Keeping up its flow of announcements, Adani just claimed that it had received 15 000 expressions of interest in jobs at its Carmichael mine, 1500 of them from Townsville alone, “since Adani called for expressions of interest in December.” (Townsville Bulletin, paywalled)
That seemed impressive, and I wondered if all those applications had actually been received since December, as claimed in the Bulletin report. After all, Adani’s “jobs portal” was set up in 2017, and has been accepting registrations ever since.
Given that Adani has announced the imminent start of work on the project several times, it seems likely at least some of those who expressed interest in the past have found better opportunities and moved on. So, are the 15000 expressions of interest all current?
I looked through quite a few links, f which seemed to endorse Adani’s claim of a jobs rush, but finally found one with precise numbers, at the website of Bundaberg radio station 4BU, which led me to check the Adani website, where I found the press release on which the stories were based. At the bottom of its press release, Adani says (emphasis added)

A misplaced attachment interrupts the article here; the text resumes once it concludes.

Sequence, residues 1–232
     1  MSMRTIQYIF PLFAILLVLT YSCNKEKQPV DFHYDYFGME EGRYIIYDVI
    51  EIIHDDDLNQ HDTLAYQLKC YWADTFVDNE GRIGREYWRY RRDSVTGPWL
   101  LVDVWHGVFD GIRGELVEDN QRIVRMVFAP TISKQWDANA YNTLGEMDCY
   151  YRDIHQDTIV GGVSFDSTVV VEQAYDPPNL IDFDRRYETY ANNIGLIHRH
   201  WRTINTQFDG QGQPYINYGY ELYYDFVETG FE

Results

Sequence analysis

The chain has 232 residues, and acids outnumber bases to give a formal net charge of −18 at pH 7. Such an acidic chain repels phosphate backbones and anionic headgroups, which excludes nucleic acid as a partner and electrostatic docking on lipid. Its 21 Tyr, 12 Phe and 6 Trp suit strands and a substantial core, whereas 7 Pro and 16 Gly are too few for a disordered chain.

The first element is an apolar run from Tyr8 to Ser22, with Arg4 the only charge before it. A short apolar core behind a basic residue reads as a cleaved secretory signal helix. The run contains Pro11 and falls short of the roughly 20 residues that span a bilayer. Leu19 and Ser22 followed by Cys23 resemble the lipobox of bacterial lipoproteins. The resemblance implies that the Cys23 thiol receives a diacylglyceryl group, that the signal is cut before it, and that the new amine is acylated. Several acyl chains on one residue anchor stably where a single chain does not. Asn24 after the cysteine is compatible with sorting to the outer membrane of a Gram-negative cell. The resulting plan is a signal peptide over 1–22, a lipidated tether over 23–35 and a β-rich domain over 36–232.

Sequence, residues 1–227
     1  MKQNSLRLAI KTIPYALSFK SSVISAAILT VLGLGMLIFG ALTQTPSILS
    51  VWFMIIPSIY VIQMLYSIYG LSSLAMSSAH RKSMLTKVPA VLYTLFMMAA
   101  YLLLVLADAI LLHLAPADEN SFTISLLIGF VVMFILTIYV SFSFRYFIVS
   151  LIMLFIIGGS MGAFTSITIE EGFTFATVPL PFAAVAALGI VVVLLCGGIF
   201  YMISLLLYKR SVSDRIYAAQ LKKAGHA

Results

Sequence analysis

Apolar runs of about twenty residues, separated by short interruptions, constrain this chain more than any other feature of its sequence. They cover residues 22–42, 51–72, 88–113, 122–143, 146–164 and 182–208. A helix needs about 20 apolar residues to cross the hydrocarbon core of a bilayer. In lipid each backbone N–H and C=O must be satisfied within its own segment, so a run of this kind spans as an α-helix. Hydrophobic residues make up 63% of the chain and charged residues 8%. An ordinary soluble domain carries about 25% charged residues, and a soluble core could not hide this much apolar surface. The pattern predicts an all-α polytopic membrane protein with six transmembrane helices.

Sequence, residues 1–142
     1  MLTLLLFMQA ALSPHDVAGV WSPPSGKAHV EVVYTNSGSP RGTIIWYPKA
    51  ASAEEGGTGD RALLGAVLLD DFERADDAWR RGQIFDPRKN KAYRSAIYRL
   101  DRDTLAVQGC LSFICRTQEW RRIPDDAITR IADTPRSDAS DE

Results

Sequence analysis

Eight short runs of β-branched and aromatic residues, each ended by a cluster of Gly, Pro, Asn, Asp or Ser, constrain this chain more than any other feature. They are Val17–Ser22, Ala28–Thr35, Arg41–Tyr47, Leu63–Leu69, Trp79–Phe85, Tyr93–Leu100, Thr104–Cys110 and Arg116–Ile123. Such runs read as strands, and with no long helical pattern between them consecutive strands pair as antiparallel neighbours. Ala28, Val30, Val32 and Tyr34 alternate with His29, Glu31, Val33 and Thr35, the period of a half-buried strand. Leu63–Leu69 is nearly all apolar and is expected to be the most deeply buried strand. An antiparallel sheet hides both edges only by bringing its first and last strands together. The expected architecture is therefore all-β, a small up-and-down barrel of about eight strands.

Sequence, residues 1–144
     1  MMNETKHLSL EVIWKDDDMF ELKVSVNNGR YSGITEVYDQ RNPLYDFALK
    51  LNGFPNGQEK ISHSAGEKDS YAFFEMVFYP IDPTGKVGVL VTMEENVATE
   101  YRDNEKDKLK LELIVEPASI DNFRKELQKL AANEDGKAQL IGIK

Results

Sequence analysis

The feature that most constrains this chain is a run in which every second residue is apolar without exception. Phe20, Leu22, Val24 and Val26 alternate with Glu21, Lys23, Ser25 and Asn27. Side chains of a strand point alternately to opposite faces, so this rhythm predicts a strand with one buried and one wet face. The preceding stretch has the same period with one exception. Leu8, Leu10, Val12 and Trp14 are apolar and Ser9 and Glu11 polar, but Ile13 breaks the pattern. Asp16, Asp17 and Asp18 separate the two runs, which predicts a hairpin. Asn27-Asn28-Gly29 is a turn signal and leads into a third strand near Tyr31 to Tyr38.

In December Adani advertised for expressions of interest for people wanting to work at the project. When the December numbers were added to previous registrations, the total was 14,498.
Here’s a report from February 2018, where Adani stated that it had already received 11500 applications of which 18 per cent (about 2000) came from Townsville. The Townsville number is higher than the one they are currently claiming, suggesting that some applications must have lapsed or been withdrawn.
Given these figures, it’s impossible to tell how many applications Adani has received in the two months since it reannounced that it would be taking expressions of interest. Almost certainly, it’s a lot less than the headline figures announced in their release.
That’s not to say that there aren’t still plenty of people attracted by Adani’s promise of thousands of jobs. But it does confirm that, when reporting on Adani, it always pays to check the fine print.